Old Fidelian recollections of St Faith’s
Paul Svehlik (1954 – 1960) has been in touch with some recollections of his time here and life after St Faith’s.
I arrived at school in 1954, coming from my home in Nigeria, where my father was in charge of the Bata Shoe company operations. My first home away from home was in Firwood House. The master in charge of hockey was Mike Bayon who started me off stopping and hitting in the long playroom behind Leyspring!
I often remember the early evenings spent running up and down in the old post war Missen Hut, and playing two vs two. Mike Bayon was also responsible for my prowess in tennis after which a Svehlik Cup was named.
After leaving the school, I went on to the Leys and then on to Fitzwilliam College, Cambridge from 1966-1969.
I played hockey at Cambridge University earning 3 Blues and captaining the side in 1969. During my last year at university, I gained my first international cap, after playing my first England trial on the 1st XI pitch at the Leys! That first international was at Lords cricket ground, in front of the main stand.
I made 66 appearances in the England jersey from 1969 to 1975,captaining the side for the first time in 1971 against Ireland.
Mr MacInnes, then headmaster of the school, kindly congratulated me on this event, as did the Guinness book of records in 1978 on being the most capped England hockey international to that date!
I played in many different countries, but my most memorable event began in the late summer of 1972 at the Munich Olympic Games being a member of the Great Britain hockey squad.
In that summer of 1972, our team arrived in Munich some weeks early so that we could acclimatise and have some practice matches on the competition pitches.
During our first such training match against Pakistan, I suffered a cut on my head, which, bleeding profusely, required stitches in the First Aid post. My claim to fame was that I was the first competitor to be treated in the facility as the doctors rapidly pulled off polythene packaging and searched for the various medical appliances and scalpels which had been dumped in the corner of the room.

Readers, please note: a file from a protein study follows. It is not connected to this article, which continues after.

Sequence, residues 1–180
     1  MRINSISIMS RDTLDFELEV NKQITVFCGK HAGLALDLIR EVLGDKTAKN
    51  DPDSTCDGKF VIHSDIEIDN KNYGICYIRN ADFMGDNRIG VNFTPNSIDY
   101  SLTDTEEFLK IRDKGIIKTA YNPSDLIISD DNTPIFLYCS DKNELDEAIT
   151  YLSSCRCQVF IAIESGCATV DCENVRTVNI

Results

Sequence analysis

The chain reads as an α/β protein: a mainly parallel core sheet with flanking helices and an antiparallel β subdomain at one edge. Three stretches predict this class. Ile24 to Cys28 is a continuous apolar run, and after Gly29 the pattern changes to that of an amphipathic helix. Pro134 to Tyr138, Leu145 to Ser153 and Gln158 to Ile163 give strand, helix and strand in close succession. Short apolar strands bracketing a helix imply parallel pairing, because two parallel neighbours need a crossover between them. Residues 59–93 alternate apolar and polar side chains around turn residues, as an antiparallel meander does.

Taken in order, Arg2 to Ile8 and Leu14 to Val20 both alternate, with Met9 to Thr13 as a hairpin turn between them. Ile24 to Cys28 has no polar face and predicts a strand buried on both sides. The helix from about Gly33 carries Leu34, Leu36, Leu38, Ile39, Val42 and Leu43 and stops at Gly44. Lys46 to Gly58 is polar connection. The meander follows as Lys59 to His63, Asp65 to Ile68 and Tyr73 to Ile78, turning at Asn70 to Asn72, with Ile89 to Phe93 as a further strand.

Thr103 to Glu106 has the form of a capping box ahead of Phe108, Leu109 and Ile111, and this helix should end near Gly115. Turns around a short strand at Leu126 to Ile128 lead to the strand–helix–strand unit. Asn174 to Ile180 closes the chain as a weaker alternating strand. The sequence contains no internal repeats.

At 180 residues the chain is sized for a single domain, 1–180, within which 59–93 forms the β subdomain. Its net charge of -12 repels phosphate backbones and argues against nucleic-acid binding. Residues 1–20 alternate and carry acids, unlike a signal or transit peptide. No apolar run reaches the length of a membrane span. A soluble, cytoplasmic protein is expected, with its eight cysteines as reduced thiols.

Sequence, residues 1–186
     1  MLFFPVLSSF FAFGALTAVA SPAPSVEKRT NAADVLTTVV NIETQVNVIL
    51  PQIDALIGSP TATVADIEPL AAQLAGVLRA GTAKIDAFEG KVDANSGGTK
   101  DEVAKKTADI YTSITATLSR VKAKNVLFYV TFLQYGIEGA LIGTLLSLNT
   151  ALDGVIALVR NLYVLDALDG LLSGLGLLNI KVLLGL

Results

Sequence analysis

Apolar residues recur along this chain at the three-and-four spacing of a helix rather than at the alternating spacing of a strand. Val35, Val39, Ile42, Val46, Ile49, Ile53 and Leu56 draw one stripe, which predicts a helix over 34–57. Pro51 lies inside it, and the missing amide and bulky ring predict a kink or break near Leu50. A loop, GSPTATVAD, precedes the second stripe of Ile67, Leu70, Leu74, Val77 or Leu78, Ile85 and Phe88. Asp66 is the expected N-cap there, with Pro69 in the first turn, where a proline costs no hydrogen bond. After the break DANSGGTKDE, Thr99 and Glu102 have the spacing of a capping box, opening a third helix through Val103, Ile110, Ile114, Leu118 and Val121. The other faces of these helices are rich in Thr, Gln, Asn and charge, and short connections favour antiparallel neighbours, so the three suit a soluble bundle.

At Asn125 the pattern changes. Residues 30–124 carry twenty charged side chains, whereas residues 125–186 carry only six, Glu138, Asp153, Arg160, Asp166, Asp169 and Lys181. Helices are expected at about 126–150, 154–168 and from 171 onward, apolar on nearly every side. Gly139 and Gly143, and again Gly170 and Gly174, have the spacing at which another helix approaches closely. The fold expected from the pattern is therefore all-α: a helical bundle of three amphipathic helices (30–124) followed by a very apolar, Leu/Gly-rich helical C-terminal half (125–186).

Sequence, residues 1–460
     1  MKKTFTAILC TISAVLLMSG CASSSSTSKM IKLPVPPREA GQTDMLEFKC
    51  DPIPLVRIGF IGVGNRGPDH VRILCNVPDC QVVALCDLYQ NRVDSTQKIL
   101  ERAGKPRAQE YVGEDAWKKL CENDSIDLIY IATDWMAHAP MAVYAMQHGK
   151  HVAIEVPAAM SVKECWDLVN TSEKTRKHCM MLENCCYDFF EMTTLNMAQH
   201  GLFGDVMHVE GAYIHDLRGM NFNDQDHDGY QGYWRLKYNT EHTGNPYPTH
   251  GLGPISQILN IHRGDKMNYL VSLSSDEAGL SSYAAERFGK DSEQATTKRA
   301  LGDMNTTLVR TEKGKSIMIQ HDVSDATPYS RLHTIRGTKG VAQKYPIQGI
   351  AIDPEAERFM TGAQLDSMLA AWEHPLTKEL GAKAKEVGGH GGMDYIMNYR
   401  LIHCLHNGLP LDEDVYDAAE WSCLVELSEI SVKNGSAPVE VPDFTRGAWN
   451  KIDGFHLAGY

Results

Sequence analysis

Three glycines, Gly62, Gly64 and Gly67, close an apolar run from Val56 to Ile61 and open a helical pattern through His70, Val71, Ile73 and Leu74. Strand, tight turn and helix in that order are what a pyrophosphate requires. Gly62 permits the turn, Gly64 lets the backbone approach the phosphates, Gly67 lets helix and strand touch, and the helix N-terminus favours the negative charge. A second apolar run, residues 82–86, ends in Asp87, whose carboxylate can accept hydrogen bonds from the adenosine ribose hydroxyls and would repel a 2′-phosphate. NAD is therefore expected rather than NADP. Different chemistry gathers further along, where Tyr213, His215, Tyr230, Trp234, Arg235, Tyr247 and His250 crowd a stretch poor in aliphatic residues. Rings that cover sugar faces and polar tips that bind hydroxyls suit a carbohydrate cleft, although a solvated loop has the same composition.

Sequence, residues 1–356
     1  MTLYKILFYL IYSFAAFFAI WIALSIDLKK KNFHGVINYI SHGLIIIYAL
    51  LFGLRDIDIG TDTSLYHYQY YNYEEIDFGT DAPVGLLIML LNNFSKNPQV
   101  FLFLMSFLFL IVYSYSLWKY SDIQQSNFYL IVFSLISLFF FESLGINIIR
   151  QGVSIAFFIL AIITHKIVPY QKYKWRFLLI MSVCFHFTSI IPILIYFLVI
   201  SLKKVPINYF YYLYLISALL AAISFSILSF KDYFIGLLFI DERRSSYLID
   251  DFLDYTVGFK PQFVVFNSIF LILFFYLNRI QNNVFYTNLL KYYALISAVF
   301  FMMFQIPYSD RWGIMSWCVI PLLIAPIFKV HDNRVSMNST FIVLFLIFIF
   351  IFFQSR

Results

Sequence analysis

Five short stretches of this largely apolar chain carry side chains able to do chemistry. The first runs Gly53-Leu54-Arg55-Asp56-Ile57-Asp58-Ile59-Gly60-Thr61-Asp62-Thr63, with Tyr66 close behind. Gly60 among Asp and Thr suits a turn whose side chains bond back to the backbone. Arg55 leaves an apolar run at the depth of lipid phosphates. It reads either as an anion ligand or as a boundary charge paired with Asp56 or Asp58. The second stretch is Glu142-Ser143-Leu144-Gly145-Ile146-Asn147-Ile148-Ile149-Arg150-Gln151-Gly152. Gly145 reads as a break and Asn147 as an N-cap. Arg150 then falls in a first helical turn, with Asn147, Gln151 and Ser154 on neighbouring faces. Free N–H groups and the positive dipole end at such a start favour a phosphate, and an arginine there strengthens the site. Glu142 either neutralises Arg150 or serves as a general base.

The British team were billeted in what was to become two bedroom flats after the Games. Eight people to one flat. I slept in a two camp bedded area, later known as the kitchen! About 400 yards away from our accommodation, the 11 man Israeli team was housed.
The whole unpleasant saga of the Israeli hostage crisis has been brought to the screen by Steven Spielberg in his film “Munich”, suffice to say that, on that fated night, I and a few team mates had been visiting the town centre. When we arrived back at the Olympic village, the whole site had been cordoned off, nobody being allowed in or out. In defiance of the terrorists, the I.O.C. ordered competitions to resume after a pause of 36 hours. Cancellation would have badly damaged the whole Olympic Movement.
After retiring from hockey, I became the European Administrator of the Mens Tennis Council, the governing body of men’s professional tennis until 1990, operating from Roland Garros in Paris. I owed my selection for this job after befriending Arthur Ashe in 1975 after his win at Wimbledon!
I had stints afterwards living in Portugal, starting the Estoril Open professional tennis event, and then Milan, setting up the construction of a multi purpose country club near San Siro.
My sporting tale terminated in Lausanne,Switzerland with the International Boxing Association. As the head of the boxers delegation to the Athens Olympic Games of 2004, I completed my experiences in the Olympics from participating in 1972 to administrating in 2004.
I entitled my leaving speech in Lausanne to the British Residents in 2008 at the Olympic museum: “From Munich to Athens: a Tale of two Olympic cities”Back to all news